Wednesday, July 1, 2009

Nighttime Parenting

I have now been doing one feeding a day for Ira for a little over a week. Some of the feedings have been a little challenging, but overall the project is going well. I have a much better understanding on my son's feeding patterns. I am sometimes deciding when he is hungry and when he is done, and that makes me a more competent and confident parent.

I also get to spend a little more time with Ira. Since I'm doing one feeding a day there is a time built in every day just for me and Ira. I spend other time with him during the day, but it is good to have this guaranteed time. It's also good to have some time that I can just focus on Ira and not have my attention pulled by other things at the same time. And as Lyn mentioned in her post, she is able to get a little more sleep (which was one of my primary motivations for this project).

During one early morning feeding a few days ago, I realized that I could have let Lyn participate in the nighttime feedings more during our last go-round. Feeding a baby a bottle is a more of a hassle than nursing, but it's not that much more of a hassle, and it's considerably less hassle than strapping on a supplemental nurser (which I'm no longer having to do at night). It's also considerably less hassle than pumping five times a day and taking medications and herbs four times a day (note to self: you forgot to take not one, but two, doses today!).

What I'm saying is that last time I could have asked more of Lyn in terms of nighttime care; she did do some, but I could have moved over and shared more of the struggles with her. We shared in Leigh's care at night much less than either of us would have liked, and I thought the reason was that it would just have been more trouble than it was worth for Lyn to do lots of bottles at night. Instead it turns out that the reason for our nighttime inequity was not biology as I had assumed. It was my inability (or unwillingness) to think flexibly and creatively and to share some of the really tough work with Lyn.

Now you might be asking yourself why on earth I would be unwilling to share the really tough work. After all, Lyn was Leigh's primary caregiver for a number of months while I worked full time. I was obviously willing to share the mothering spotlight. Maybe in part that's why I was so hesitant to share the hard and lonely work of nighttime parenting. Perhaps doing that work was a way to prove to myself that I really was the mother and not just one of a pair. I think it was my way of hanging on to primacy. I thought that I was willing to share mothering, and in most ways I did. But maybe I was hanging onto my superior position as bio-mom without even realizing it.


N said...

Whereas, as an outsider, I would've likely said that it seemed as if it is was especially important to you once you went back to work, to take on the majority of the baby-work overnight, since Lyn did the majority of it during the day.

I always love reading your posts, guys. Thank you. :)

Gail said...

N -- That is a more charitable way of looking at it ;) But it was really hard doing the majority of the nighttime care and I felt frustrated and exhausted for much of it (although apparently unwilling to do anything else).

Oh, and to be fair, Lyn did some nighttime bottles (and she probably would have done even more if our first nighttime bottle hadn't ultimately resulted in an abcess)!

Anonymous said...

Thanks for this - I'm saving this post and showing it to Fern so we can talk about some of these issues once we're pregnant. I've worried about the very dynamic you're describing and I can picture us having a hard time being equitable in the middle of the night too, for example. Fern has a very strong usually wonderful desire to fix a problem. And I usually don't mind if she wants to stubbornly take over opening a stuck window but I've wondered about this aspect of her personality and the way I react to it in relation to certain parts of parenting.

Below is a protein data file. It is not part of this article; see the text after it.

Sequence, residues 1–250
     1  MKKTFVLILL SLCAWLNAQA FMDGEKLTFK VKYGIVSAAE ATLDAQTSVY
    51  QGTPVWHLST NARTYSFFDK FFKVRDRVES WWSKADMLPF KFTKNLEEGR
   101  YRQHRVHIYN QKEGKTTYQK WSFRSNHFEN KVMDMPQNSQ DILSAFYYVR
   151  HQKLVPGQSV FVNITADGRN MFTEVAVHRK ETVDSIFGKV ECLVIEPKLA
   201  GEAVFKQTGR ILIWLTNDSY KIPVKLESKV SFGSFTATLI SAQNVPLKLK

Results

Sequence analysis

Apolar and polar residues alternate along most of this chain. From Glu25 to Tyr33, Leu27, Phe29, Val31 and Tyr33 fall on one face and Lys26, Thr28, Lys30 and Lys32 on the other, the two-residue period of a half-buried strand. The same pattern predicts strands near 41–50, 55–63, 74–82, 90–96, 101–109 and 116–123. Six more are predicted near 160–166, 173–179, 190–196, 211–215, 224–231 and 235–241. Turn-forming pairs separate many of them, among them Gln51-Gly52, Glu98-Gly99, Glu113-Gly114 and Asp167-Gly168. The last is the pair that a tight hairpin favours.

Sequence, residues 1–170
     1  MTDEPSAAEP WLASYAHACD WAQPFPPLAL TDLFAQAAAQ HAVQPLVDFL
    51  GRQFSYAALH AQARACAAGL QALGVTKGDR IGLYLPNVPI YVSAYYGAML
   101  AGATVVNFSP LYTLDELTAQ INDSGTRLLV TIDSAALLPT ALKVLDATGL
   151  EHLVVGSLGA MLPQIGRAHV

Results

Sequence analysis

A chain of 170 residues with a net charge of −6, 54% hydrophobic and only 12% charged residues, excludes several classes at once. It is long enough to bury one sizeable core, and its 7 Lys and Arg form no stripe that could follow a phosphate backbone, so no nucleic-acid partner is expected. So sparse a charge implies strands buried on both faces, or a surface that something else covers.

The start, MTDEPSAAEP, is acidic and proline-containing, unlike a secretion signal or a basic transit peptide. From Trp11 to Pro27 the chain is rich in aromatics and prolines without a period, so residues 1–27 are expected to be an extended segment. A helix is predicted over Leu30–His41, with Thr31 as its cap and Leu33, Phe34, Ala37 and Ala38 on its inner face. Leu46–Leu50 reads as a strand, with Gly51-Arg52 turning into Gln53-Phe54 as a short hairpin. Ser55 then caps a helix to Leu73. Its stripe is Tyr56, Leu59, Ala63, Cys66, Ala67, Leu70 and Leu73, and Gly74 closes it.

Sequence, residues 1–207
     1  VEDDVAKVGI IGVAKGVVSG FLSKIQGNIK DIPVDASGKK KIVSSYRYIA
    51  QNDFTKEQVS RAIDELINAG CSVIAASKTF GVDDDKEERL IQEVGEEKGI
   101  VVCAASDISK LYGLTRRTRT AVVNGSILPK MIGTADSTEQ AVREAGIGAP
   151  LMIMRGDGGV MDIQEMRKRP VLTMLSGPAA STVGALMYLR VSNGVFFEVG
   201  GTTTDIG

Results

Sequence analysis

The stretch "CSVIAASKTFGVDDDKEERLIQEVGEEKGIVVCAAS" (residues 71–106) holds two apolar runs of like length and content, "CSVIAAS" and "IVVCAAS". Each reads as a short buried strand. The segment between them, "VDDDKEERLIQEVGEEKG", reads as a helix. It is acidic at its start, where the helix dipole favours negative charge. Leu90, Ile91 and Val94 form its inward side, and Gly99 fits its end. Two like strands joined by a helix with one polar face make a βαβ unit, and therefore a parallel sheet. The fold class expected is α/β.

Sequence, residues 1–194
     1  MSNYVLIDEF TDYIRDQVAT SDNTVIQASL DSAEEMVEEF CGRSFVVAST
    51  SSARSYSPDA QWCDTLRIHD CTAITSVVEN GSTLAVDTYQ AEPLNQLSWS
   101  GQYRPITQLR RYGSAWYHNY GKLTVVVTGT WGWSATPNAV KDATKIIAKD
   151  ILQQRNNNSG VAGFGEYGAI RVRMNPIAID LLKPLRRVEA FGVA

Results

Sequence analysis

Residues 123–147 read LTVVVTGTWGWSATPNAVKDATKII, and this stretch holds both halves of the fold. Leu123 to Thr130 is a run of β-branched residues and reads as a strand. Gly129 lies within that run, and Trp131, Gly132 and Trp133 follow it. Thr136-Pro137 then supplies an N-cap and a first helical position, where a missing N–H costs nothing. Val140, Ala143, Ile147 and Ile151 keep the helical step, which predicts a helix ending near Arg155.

Anyway, it sounds like you're doing a great job!

Lyn said...

N -- I actually usually hear the opposite logic applied. Virtually every mom I've ever met who is home while her partner is working insists that she should do all the nighttime care so her partner can function at work.

I did try to do more at night, but since night feeding required Gail to pump extra, and she already had to pump during the day, I did defer on this. In particular, I didn't push because my first night bottle (by a huge fluke) corresponded with Leigh's first really long stretch of sleep, and ultimately resulted in a plugged duct and later a freakish abscess. We were both rather gun shy after that.

One thing we did do on this front was that I would get up super early (like 5:00 am) to work for 2-3 hours before Gail went to work. This way we at least traded in my extra sleep for work time that we didn't have to pay a sitter for.

Anonymous said...

thanks for this. you guys are a couple of steps ahead of my family, eventually we will be going through a first time for the second time (or something), too, and you give me a lot to think about. i wonder how my perceptions and my wife's perceptions will change, as we switch up our roles.

Anonymous said...

I can relate to what you are talking about. This is a great distinction and I appreciate you writing about it. I did want to do all of the hard work during the first months. I do think a lot of it is biological but I do think I was hoarding duties as well. Now I think I am at the opposite of the spectrum. I hand him over whenever I can! (I am still BFing so there is that!)
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Sarah Friedmann said...

Wanted to quickly say how I continue to so appreciate your candid thoughts. Your willingness to be introspective and critical of your experiences and decision-making (with much love, of course!) is refreshing.